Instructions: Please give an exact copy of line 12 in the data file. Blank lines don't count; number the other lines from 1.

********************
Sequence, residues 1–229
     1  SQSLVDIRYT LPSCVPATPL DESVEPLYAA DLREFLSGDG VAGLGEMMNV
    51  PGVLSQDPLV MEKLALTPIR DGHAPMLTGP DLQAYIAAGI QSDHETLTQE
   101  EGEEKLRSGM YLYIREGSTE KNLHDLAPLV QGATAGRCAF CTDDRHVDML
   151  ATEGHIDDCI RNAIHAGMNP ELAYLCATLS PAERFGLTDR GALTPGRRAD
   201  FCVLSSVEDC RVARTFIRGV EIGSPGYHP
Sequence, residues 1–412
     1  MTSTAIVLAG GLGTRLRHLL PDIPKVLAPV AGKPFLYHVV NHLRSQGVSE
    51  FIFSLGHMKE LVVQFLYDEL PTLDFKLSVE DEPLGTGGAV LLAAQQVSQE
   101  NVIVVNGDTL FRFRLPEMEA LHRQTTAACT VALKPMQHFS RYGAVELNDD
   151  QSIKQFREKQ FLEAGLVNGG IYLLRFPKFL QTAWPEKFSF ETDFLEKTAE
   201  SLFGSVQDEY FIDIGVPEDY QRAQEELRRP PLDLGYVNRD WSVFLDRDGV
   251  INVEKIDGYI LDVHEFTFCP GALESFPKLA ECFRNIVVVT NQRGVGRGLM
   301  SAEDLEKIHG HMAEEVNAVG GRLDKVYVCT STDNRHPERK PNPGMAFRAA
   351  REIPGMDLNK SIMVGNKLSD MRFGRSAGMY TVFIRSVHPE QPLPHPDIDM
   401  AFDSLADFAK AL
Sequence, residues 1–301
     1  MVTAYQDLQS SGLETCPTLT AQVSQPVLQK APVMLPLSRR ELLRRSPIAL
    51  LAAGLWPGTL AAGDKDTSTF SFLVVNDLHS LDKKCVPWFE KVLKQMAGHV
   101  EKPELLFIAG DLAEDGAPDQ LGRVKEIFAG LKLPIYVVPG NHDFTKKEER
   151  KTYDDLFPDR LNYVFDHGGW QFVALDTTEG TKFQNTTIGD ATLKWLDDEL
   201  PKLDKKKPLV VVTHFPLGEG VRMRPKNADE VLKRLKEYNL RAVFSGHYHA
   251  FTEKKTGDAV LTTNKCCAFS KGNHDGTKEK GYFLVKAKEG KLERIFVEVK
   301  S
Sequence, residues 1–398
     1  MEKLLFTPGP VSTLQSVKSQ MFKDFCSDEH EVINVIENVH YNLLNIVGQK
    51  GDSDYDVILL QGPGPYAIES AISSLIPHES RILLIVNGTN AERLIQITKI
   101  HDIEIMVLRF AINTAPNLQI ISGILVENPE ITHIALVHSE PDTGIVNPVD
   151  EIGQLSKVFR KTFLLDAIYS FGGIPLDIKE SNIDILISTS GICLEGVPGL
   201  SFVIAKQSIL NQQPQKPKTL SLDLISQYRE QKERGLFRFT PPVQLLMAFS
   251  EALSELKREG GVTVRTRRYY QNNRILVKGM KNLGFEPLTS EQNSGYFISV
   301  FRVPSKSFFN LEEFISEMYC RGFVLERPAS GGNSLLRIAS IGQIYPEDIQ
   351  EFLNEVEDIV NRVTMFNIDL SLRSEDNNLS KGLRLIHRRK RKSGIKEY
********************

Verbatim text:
   201  SLFGSVQDEY FIDIGVPEDY QRAQEELRRP PLDLGYVNRD WSVFLDRDGV